Travel Advisory Issued Against Guinea, Liberia and Sierra Leone

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By Athena Yenko | August 4, 2014 6:42 PM EST

The Australian government advised against travelling to Guinea and reconsidering the need to travel to Liberia and Sierra Leone.

REUTERS/Tommy Trenchard
Health workers take blood samples for Ebola virus testing at a screening tent in the local government hospital in Kenema, Sierra Leone, June 30, 2014.

Do not travel Guinea and reconsider the need to travel to Liberia and Sierra Leone due to a serious outbreak of Ebola virus that had already claimed the lives of 670 people in total, the Australian Government advised.

The government is recommending for everyone to monitor information from local health authorities and sternly warning against travelling to affected areas.

"As a precautionary measure Australian High Commission personnel have deferred non-essential travel to Guinea, Sierra Leone and Liberia as a result of the Ebola outbreak. We recommend you do the same," the government said.

According to the latest data from WHO, dated July 31, Guinea, Liberia, Nigeria and Sierra Leone had an overall 122 new cases (laboratory-confirmed, probable, and suspect cases) of EVD and 57 deaths due to Ebola.

In particular, Guinea has 33 new cases and 20 deaths; Liberia has 80 new cases and 27 deaths; Nigeria has 1 case and 1 death; Sierra Leone has 8 new cases and 9 deaths.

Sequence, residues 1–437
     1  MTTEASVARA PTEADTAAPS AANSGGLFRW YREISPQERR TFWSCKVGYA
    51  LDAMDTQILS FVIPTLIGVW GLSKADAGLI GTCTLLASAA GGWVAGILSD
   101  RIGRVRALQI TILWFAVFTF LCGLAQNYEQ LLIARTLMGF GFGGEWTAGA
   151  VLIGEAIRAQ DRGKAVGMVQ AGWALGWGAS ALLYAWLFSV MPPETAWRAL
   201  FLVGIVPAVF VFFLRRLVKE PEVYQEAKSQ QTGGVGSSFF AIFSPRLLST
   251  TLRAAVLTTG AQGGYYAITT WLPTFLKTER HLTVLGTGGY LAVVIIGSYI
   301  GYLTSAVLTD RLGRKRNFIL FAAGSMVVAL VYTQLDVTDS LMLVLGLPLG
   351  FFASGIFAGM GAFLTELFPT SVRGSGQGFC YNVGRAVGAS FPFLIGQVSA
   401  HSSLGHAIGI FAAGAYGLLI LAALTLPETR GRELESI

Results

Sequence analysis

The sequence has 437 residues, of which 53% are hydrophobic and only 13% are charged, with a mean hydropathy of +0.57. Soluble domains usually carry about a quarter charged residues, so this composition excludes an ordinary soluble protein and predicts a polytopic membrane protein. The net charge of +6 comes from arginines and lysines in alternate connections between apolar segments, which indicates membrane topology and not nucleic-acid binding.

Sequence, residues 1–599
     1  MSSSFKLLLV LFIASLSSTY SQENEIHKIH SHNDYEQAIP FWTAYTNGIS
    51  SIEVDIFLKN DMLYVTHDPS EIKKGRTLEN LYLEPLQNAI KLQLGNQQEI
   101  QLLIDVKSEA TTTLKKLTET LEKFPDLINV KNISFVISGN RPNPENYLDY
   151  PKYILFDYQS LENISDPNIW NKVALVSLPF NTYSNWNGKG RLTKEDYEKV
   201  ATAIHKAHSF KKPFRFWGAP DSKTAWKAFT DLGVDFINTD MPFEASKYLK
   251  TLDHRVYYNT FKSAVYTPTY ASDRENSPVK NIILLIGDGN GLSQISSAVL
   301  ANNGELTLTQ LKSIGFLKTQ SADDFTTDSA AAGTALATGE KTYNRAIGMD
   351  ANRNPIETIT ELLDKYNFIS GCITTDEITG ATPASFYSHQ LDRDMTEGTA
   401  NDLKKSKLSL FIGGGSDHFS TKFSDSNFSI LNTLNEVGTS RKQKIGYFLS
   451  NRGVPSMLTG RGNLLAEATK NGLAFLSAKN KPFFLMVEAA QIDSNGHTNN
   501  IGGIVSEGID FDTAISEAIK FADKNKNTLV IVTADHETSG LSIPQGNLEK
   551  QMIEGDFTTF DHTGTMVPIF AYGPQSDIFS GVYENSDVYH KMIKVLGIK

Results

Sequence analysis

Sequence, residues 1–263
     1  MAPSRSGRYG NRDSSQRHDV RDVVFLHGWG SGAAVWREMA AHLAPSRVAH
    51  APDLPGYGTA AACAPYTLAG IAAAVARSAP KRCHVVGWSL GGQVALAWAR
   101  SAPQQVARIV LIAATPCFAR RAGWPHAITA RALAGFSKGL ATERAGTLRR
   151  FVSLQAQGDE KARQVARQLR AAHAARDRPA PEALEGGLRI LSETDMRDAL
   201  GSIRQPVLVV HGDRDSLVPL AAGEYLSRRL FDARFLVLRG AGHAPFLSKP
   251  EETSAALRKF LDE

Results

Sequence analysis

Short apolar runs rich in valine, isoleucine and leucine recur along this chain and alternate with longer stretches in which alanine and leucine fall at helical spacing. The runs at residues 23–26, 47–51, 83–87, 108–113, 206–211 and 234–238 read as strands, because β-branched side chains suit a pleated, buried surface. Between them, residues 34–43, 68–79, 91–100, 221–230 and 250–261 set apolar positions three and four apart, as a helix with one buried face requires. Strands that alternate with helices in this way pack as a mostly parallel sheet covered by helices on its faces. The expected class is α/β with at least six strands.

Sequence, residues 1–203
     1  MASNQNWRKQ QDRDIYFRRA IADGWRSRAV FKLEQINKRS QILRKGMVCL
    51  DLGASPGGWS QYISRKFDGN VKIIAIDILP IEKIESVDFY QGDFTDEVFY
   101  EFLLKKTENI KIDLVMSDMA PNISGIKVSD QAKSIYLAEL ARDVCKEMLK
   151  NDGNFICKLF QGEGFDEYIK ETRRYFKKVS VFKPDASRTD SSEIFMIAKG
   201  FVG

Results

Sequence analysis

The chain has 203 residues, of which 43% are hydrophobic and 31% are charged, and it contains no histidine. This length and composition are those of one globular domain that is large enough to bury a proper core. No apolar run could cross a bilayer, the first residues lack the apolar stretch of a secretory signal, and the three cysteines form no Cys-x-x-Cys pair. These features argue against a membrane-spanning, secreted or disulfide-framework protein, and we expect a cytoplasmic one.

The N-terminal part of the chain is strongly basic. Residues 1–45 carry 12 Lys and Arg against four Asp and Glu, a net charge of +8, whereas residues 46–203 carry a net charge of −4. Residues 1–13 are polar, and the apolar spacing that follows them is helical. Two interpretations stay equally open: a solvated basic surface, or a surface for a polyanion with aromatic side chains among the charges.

The July 31 figure does not include data dated July 27 where the cumulative number of cases attributed to EVD in the four countries stands at 1 323 including 729 deaths: Guinea, 460 cases (336 confirmed, 109 probable, and 15 suspected) including 339 deaths; Liberia, 329 cases (100 confirmed, 128 probable, and 101 suspected) including 156 deaths; Nigeria, 1 case (1 probable who died); and Sierra Leone, 533 cases (473 confirmed, 38 probable, and 22 suspected) including 233 deaths.

Aside from the deadly Ebola virus, Australians are also being warned of unstable security due to violent crimes in Guinea, Liberia and Sierra Leone.

A high risk of violence exists in Guinea, particularly in the Conakry area where theft at gunpoint is a common occurrence. There had also been regular reports of armed robbery and violent assault done by individuals allegedly wearing military-style uniforms.

Australia does not have an embassy or consulate in Guinea. Only the Canadian Embassy located in Dakar, Senegal, provide consular assistance to Australians in Guinea that includes  Provisional Travel Documents.

Liberia, on the other hand, had just recovered from a devastating civil war that ended in August 2003. The areas bordering Côte d'Ivoire still has the presence of armed groups and cross-border attacks can still happen anytime.

Australia does not have an embassy or consulate in Liberia and Sierra Leone and only the Australian High Commission in Accra, Ghana can provide consular assistance to Australians in Liberia.

"We strongly advise against all travel to the areas bordering Cote d'Ivoire, Liberia and Sierra Leone where cross-border armed activity and tensions between ethnic groups undermines the general security situation," the government warns.

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(Photo: REUTERS/Tommy Trenchard / )
Health workers take blood samples for Ebola virus testing at a screening tent in the local government hospital in Kenema, Sierra Leone, June 30, 2014.
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